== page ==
Hopefully a few hunters will read through this article and give a little more thought to the pursuit of sambar stags. Maybe they will take a little limelight away from actual length and score and if any mates ask if it was a 30 incher, tell them the experience was unforgettable and perhaps focus on all the reasons why we actually go hunting and how amazing our sambar are.
Always remind your mates around the campfire or in the ute heading up the bush how lucky we are to be able to hunt this incredible resource so freely.

Sure its nice to throw numbers around, but when the dust has settled and the stag is either up on the wall or sitting in the shed with all the others, I can tell you right now it will be the memories of the hunt you remember more than anything concerning each and every deer you harvest. Live for the moment and experience and don’t ever compare yourself or the animals you hunt to other hunters and their success.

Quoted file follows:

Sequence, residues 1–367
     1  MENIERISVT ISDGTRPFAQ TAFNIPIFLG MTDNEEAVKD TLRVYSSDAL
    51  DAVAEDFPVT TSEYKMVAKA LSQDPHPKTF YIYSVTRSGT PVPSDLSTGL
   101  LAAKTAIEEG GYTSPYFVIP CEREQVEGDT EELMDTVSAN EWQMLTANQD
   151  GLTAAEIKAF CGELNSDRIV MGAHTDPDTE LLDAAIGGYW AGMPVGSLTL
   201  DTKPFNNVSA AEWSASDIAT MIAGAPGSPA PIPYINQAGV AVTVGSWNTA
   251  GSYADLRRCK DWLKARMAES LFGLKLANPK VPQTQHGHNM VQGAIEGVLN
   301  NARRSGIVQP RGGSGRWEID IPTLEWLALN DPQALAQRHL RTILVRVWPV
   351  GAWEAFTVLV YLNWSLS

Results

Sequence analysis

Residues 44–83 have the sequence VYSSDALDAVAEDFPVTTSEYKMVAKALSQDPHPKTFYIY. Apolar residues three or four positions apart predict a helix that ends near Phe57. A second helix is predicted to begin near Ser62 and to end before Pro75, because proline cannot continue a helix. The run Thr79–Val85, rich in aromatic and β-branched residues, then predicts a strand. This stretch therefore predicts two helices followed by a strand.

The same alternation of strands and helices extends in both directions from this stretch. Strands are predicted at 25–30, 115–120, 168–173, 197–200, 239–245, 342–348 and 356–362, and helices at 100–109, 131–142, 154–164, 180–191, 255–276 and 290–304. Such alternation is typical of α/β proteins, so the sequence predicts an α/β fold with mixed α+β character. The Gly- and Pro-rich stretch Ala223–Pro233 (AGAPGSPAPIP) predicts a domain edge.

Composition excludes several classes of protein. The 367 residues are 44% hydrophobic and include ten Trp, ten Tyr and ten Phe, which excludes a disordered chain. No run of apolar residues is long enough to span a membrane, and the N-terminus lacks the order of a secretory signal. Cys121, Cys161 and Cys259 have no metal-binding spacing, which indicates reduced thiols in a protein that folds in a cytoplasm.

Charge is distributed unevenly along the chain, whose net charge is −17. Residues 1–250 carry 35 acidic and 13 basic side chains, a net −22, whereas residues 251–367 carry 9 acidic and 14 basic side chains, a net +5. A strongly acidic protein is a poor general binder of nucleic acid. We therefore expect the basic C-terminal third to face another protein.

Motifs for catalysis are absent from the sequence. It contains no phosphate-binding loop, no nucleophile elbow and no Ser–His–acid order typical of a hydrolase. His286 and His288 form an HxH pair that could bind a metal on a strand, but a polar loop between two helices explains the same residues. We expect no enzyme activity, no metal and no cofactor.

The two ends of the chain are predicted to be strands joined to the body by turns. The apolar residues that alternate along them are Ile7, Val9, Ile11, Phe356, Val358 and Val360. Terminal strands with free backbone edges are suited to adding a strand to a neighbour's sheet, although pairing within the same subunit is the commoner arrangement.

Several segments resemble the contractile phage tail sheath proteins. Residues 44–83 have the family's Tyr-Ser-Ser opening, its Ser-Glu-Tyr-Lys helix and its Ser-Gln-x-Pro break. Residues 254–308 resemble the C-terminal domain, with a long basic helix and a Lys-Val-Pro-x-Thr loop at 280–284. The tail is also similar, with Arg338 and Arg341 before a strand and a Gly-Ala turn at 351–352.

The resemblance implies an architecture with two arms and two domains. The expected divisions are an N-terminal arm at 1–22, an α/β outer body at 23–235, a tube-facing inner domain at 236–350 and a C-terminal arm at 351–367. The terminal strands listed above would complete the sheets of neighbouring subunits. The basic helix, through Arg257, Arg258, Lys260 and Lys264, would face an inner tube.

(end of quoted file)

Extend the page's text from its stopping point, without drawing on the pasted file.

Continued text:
Give a little more thought to what you are actually pulling the trigger on and what you are letting live and hopefully more hunters will broaden their mindset to the definition of what actually is a trophy sambar stag.

Good hunting.

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Wild Deer

Australia and New Zealand’s premiere dedicated Deer Hunting Magazine.